OSHA's Hex Chrome PEL Upheld
OSHA won on almost all counts in a decision issued Monday by a 3rd U.S. Circuit Court of Appeals panel of judges weighing challenges to the hexavalent chromium permissible exposure limit set in February 2006. The Public Citizen Health Research Group (HRG) and the Steelworkers union sued, claiming the PEL OSHA chose -- 5 micrograms of Cr(VI) per cubic meter of air -- is insufficiently protective of workers exposed to the compound during welding, aircraft painting, electroplating, and some other tasks. The judges who heard the case last November in Philadelphia and ruled this week were former U.S. Supreme Court Justice Sandra Day O'Connor, 3rd Circuit Chief Judge Anthony J. Scirica, and Judge Marjorie O. Rendell.
The Edison Electric Institute also sued for a different reason but lost: EEI said OSHA should not have applied its hex chrome standard to maintenance and repair employees at coal and nuclear electric power plants. Those workers can be exposed to Cr(VI) in fly ash or while welding. The appeals court panel denied EEI's petition and upheld the standard as written. OSHA estimated 558,431 workers are exposed to Cr(VI) in their work.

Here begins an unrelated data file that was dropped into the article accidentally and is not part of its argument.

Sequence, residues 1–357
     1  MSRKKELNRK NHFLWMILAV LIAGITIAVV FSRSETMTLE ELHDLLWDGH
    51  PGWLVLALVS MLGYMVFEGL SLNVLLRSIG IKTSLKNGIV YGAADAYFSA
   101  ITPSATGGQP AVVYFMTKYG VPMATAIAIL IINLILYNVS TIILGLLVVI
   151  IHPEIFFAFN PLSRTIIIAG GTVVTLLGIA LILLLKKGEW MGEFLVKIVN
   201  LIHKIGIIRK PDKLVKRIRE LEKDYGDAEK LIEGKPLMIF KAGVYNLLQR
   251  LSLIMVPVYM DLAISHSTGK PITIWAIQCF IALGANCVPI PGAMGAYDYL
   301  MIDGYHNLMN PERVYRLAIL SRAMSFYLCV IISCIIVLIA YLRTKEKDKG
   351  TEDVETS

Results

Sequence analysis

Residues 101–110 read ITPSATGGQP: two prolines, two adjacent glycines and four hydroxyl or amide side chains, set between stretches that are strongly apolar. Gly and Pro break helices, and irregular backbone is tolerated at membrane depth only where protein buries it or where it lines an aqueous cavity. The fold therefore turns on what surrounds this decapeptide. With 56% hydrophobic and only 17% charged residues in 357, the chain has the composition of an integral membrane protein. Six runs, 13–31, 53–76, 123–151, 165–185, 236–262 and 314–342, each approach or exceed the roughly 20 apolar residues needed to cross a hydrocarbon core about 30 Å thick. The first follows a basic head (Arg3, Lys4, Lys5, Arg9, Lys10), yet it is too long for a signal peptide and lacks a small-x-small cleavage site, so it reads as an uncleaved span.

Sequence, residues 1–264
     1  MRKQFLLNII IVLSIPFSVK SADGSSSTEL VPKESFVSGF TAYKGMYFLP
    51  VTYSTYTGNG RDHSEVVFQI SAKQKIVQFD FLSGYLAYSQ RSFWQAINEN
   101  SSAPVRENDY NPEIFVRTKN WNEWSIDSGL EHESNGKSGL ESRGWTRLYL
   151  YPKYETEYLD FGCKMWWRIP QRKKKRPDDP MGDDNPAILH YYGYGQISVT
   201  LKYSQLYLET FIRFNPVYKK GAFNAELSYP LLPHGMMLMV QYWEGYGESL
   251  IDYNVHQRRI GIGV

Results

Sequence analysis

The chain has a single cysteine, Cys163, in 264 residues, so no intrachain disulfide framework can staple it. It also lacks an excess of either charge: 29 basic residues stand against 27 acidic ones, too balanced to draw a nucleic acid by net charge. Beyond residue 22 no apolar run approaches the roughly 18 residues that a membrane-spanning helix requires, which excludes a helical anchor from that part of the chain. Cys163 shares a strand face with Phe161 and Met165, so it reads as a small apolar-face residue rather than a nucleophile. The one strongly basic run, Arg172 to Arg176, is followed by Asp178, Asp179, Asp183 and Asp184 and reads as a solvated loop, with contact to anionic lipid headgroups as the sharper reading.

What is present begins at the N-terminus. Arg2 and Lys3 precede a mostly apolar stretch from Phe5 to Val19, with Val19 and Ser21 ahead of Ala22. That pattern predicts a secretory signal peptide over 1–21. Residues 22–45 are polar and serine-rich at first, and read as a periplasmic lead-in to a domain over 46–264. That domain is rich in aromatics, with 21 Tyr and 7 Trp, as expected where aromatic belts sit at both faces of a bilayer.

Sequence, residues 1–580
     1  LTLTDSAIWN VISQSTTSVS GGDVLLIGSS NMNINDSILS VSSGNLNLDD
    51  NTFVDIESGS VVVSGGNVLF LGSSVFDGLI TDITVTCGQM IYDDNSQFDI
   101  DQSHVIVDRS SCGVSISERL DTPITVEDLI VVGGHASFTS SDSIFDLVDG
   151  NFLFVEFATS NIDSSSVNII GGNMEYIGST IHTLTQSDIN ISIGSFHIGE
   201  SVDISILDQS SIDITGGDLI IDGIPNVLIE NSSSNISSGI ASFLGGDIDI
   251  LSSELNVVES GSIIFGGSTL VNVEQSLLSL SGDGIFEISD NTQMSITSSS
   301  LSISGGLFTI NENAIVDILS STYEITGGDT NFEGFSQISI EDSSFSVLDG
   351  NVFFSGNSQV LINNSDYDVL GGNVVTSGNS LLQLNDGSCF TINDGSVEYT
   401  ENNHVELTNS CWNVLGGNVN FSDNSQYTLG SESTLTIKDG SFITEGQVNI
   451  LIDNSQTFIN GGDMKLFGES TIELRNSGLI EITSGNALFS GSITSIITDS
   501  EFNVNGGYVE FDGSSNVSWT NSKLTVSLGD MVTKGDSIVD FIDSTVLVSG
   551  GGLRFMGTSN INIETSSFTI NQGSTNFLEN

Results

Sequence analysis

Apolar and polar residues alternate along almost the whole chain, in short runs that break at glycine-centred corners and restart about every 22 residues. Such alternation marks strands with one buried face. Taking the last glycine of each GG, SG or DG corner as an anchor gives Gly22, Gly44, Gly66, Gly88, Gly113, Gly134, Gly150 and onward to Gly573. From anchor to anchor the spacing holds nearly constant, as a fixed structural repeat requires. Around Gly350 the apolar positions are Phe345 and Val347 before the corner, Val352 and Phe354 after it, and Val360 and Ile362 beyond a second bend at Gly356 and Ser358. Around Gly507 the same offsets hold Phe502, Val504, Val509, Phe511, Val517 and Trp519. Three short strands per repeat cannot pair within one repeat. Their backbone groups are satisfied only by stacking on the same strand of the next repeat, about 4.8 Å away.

Required by this same court to issue the standard, OSHA proposed a 1 ug/m3 PEL but chose to finalize 5 ug/m3 instead, concluding the lower limit was not feasible for welding and aircraft painting employers to achieve, but the higher one was economically and technically feasible for all industries. This was a reasonable conclusion based on the health and economic analyses OSHA conducted and the evidence submitted during the rulemaking process, the judges found.
They upheld HRG on just one point, its challenge to the notification level: The decision tells OSHA to state its reasons for requiring employees to be notified when monitored Cr(VI) exposures exceed the PEL, rather than being notified of all monitoring results as the agency originally proposed.